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Estimation of annual probabilities of changing disability levels in Australians with relapsing-remitting multiple sclerosis

Citation

Ahmad, H and van der Mei, I and Taylor, BV and Lucas, RM and Ponsonby, A-L and Lechner-Scott, J and Dear, K and Valery, P and Clarke, PM and Simpson, S and Palmer, AJ and The Ausimmune and AusLong Investigator Groups, Estimation of annual probabilities of changing disability levels in Australians with relapsing-remitting multiple sclerosis, Multiple Sclerosis Journal pp. 1-9. ISSN 1352-4585 (2018) [Refereed Article]

Copyright Statement

Copyright 2018 The Authors

DOI: doi:10.1177/1352458518806103

Abstract

Background: Transition probabilities are the engine within many health economics decision models. However, the probabilities of progression of disability due to multiple sclerosis (MS) have not previously been estimated in Australia.

Objectives: To estimate annual probabilities of changing disability levels in Australians with relapsing-remitting MS (RRMS).

Methods: Combining data from Ausimmune/Ausimmune Longitudinal (2003-2011) and Tasmanian MS Longitudinal (2002-2005) studies (n = 330), annual transition probabilities were obtained between no/mild (Expanded Disability Status Scale (EDSS) levels 0-3.5), moderate (EDSS 4-6.0) and severe (EDSS 6.5-9.5) disability.

Results: From no/mild disability, 6.4% (95% confidence interval (CI): 4.7-8.4) and 0.1% (0.0-0.2) progressed to moderate and severe disability annually, respectively. From moderate disability, 6.9% (1.0-11.4) improved (to no/mild state) and 2.6% (1.1-4.5) worsened. From severe disability, 0.0% improved to moderate and no/mild disability. Male sex, age at onset, longer disease duration, not using immunotherapies greater than 3 months and a history of relapse were related to higher probabilities of worsening.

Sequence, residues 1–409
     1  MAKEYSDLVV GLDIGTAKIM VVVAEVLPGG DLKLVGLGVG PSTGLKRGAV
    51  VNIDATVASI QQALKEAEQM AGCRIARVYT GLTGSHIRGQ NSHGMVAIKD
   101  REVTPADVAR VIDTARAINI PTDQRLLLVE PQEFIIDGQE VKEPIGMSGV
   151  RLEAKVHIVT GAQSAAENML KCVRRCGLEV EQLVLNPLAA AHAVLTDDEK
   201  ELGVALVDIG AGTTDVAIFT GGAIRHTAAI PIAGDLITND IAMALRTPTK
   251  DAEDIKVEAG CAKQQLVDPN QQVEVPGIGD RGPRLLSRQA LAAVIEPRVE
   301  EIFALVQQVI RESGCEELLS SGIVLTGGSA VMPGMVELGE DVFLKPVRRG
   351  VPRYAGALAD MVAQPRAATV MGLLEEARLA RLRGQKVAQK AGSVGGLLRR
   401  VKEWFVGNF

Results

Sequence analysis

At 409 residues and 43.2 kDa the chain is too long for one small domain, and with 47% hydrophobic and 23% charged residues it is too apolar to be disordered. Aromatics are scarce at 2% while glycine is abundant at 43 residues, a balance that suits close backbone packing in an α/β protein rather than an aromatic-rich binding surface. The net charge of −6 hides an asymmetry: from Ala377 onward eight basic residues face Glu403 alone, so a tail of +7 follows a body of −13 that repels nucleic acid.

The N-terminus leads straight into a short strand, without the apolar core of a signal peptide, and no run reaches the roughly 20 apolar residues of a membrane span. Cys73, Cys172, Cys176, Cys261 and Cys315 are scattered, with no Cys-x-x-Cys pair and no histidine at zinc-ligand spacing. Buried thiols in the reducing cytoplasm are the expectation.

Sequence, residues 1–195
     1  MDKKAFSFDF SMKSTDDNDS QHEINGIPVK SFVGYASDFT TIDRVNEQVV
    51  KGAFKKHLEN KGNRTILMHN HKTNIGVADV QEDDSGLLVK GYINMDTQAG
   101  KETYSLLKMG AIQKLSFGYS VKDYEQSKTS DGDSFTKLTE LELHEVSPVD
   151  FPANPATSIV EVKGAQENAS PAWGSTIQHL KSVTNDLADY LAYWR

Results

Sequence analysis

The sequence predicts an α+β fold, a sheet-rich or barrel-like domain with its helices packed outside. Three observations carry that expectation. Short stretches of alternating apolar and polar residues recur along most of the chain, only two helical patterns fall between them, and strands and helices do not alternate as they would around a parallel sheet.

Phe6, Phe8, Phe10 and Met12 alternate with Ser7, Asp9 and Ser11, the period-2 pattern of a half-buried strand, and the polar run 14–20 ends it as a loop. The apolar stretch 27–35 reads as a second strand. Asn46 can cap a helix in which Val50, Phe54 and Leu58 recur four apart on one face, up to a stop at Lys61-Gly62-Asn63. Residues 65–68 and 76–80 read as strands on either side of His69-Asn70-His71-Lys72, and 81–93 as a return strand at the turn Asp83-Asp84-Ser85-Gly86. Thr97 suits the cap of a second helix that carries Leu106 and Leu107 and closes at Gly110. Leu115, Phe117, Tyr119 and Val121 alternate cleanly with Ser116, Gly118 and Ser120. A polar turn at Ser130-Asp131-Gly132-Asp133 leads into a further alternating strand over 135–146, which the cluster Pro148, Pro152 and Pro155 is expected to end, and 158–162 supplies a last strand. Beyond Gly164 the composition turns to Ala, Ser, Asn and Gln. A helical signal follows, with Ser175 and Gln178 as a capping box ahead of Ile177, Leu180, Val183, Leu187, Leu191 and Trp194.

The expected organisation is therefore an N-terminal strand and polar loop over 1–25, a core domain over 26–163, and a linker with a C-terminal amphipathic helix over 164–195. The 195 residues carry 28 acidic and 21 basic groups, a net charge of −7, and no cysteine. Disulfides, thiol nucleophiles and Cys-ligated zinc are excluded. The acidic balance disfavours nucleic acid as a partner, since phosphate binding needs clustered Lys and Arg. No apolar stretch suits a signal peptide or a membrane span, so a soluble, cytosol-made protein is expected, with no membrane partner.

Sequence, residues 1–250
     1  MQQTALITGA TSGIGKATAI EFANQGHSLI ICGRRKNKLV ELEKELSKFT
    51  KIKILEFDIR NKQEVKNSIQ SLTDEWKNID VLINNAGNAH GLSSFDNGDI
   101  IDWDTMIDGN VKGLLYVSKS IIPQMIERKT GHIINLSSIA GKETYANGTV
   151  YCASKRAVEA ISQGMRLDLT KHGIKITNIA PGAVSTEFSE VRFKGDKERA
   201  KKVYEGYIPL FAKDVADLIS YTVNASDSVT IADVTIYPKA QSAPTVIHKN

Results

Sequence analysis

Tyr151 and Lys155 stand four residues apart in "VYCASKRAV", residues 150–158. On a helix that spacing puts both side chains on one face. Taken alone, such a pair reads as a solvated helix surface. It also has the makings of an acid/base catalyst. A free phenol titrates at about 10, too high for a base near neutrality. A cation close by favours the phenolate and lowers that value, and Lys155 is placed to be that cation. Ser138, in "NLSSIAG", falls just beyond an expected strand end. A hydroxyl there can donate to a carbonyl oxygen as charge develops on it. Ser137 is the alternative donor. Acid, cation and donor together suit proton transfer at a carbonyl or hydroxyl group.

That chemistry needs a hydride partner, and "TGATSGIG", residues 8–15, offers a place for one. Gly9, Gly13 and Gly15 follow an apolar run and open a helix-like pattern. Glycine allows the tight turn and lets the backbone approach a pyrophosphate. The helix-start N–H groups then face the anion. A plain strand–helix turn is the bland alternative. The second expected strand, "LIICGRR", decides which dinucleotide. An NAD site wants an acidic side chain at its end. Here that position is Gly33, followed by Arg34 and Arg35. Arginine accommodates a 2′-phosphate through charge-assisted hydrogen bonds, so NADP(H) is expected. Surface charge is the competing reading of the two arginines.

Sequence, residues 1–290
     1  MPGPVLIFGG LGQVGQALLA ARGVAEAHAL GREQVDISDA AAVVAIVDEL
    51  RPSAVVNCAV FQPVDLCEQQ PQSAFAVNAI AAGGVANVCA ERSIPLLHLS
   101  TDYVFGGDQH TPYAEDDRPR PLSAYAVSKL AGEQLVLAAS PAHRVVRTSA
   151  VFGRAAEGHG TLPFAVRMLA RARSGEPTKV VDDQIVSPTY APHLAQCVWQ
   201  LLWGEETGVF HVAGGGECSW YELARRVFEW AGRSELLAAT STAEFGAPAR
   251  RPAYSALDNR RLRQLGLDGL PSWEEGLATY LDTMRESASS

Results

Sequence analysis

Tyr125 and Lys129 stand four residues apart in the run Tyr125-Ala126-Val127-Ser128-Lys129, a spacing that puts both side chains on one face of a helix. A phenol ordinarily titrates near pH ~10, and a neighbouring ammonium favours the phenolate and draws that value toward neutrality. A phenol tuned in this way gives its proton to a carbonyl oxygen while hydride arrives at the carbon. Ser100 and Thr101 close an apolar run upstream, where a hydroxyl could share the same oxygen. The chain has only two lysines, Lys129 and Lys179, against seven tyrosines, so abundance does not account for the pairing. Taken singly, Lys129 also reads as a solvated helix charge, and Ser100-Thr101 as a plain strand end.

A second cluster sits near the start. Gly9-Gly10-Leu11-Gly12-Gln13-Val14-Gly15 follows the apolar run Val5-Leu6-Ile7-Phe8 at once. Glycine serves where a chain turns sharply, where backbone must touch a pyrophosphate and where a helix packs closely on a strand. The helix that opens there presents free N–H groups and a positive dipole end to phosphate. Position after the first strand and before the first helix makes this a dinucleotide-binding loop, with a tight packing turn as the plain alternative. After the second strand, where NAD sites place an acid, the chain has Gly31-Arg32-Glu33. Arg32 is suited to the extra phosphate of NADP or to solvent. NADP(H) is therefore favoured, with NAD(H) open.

Conclusion: We have estimated probabilities of changing disability levels in Australians with RRMS. Probabilities differed between various subgroups, but due to small sample sizes, results should be interpreted with caution. Our findings will be helpful in predicting long-term disease outcomes and in health economic evaluations of MS.

Item Details

Item Type:Refereed Article
Keywords:multiple sclerosis, progression, transition probabilities, EDSS, Australia
Research Division:Medical and Health Sciences
Research Group:Neurosciences
Research Field:Central Nervous System
Objective Division:Health
Objective Group:Clinical Health (Organs, Diseases and Abnormal Conditions)
Objective Field:Nervous System and Disorders
UTAS Author:Ahmad, H (Mr Hasnat Ahmad)
UTAS Author:van der Mei, I (Associate Professor Ingrid van der Mei)
UTAS Author:Taylor, BV (Professor Bruce Taylor)
UTAS Author:Simpson, S (Dr Steve Simpson JR)
UTAS Author:Palmer, AJ (Professor Andrew Palmer)
ID Code:129216
Year Published:2018
Deposited By:Menzies Institute for Medical Research
Deposited On:2018-11-15
Last Modified:2018-12-12
Downloads:0

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